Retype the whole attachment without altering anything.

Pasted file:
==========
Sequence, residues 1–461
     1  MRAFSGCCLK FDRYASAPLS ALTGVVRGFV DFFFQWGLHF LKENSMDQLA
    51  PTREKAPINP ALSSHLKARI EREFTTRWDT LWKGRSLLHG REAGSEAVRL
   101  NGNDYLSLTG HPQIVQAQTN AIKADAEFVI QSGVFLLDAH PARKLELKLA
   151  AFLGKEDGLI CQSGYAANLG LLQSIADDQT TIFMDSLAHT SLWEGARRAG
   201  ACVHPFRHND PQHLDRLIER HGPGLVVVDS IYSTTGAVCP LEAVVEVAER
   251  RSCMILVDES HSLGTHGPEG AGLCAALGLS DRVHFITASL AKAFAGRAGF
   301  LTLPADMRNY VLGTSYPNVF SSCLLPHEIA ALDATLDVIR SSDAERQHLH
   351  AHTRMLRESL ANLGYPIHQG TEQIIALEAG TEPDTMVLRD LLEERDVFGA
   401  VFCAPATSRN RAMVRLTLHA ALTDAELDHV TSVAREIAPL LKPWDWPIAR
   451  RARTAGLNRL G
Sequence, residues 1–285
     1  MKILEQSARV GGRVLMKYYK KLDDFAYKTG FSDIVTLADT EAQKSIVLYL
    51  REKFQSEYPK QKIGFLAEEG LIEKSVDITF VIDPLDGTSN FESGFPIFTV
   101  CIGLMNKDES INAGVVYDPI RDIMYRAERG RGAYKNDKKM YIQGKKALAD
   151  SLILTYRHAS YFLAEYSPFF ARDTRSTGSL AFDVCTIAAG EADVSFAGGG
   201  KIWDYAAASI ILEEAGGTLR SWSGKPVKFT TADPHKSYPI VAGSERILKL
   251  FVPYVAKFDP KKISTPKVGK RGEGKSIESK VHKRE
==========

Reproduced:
Sequence, residues 1–461
     1  MRAFSGCCLK FDRYASAPLS ALTGVVRGFV DFFFQWGLHF LKENSMDQLA
    51  PTREKAPINP ALSSHLKARI EREFTTRWDT LWKGRSLLHG REAGSEAVRL
   101  NGNDYLSLTG HPQIVQAQTN AIKADAEFVI QSGVFLLDAH PARKLELKLA
   151  AFLGKEDGLI CQSGYAANLG LLQSIADDQT TIFMDSLAHT SLWEGARRAG
   201  ACVHPFRHND PQHLDRLIER HGPGLVVVDS IYSTTGAVCP LEAVVEVAER
   251  RSCMILVDES HSLGTHGPEG AGLCAALGLS DRVHFITASL AKAFAGRAGF
   301  LTLPADMRNY VLGTSYPNVF SSCLLPHEIA ALDATLDVIR SSDAERQHLH
   351  AHTRMLRESL ANLGYPIHQG TEQIIALEAG TEPDTMVLRD LLEERDVFGA
   401  VFCAPATSRN RAMVRLTLHA ALTDAELDHV TSVAREIAPL LKPWDWPIAR
   451  RARTAGLNRL G
Sequence, residues 1–285
     1  MKILEQSARV GGRVLMKYYK KLDDFAYKTG FSDIVTLADT EAQKSIVLYL
    51  REKFQSEYPK QKIGFLAEEG LIEKSVDITF VIDPLDGTSN FESGFPIFTV
   101  CIGLMNKDES INAGVVYDPI RDIMYRAERG RGAYKNDKKM YIQGKKALAD
   151  SLILTYRHAS YFLAEYSPFF ARDTRSTGSL AFDVCTIAAG EADVSFAGGG
   201  KIWDYAAASI ILEEAGGTLR SWSGKPVKFT TADPHKSYPI VAGSERILKL
   251  FVPYVAKFDP KKISTPKVGK RGEGKSIESK VHKRE